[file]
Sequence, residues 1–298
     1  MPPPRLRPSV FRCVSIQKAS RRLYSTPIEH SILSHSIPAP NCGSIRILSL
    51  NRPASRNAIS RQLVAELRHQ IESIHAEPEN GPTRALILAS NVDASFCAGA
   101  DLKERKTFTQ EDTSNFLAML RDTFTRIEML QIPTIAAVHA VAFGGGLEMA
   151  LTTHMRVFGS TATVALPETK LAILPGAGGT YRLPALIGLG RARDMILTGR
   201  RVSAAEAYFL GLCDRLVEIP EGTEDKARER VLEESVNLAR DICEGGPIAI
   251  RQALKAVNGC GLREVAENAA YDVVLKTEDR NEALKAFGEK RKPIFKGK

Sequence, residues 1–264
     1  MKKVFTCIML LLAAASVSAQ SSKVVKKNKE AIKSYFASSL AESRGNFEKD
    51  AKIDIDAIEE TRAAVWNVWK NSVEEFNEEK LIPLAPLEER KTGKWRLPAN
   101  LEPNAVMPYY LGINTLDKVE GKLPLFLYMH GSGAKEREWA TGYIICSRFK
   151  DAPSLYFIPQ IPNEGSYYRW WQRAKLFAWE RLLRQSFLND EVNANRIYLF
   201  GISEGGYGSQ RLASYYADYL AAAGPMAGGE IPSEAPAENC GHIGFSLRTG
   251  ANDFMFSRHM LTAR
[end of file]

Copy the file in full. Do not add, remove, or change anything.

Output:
Sequence, residues 1–298
     1  MPPPRLRPSV FRCVSIQKAS RRLYSTPIEH SILSHSIPAP NCGSIRILSL
    51  NRPASRNAIS RQLVAELRHQ IESIHAEPEN GPTRALILAS NVDASFCAGA
   101  DLKERKTFTQ EDTSNFLAML RDTFTRIEML QIPTIAAVHA VAFGGGLEMA
   151  LTTHMRVFGS TATVALPETK LAILPGAGGT YRLPALIGLG RARDMILTGR
   201  RVSAAEAYFL GLCDRLVEIP EGTEDKARER VLEESVNLAR DICEGGPIAI
   251  RQALKAVNGC GLREVAENAA YDVVLKTEDR NEALKAFGEK RKPIFKGK

Sequence, residues 1–264
     1  MKKVFTCIML LLAAASVSAQ SSKVVKKNKE AIKSYFASSL AESRGNFEKD
    51  AKIDIDAIEE TRAAVWNVWK NSVEEFNEEK LIPLAPLEER KTGKWRLPAN
   101  LEPNAVMPYY LGINTLDKVE GKLPLFLYMH GSGAKEREWA TGYIICSRFK
   151  DAPSLYFIPQ IPNEGSYYRW WQRAKLFAWE RLLRQSFLND EVNANRIYLF
   201  GISEGGYGSQ RLASYYADYL AAAGPMAGGE IPSEAPAENC GHIGFSLRTG
   251  ANDFMFSRHM LTAR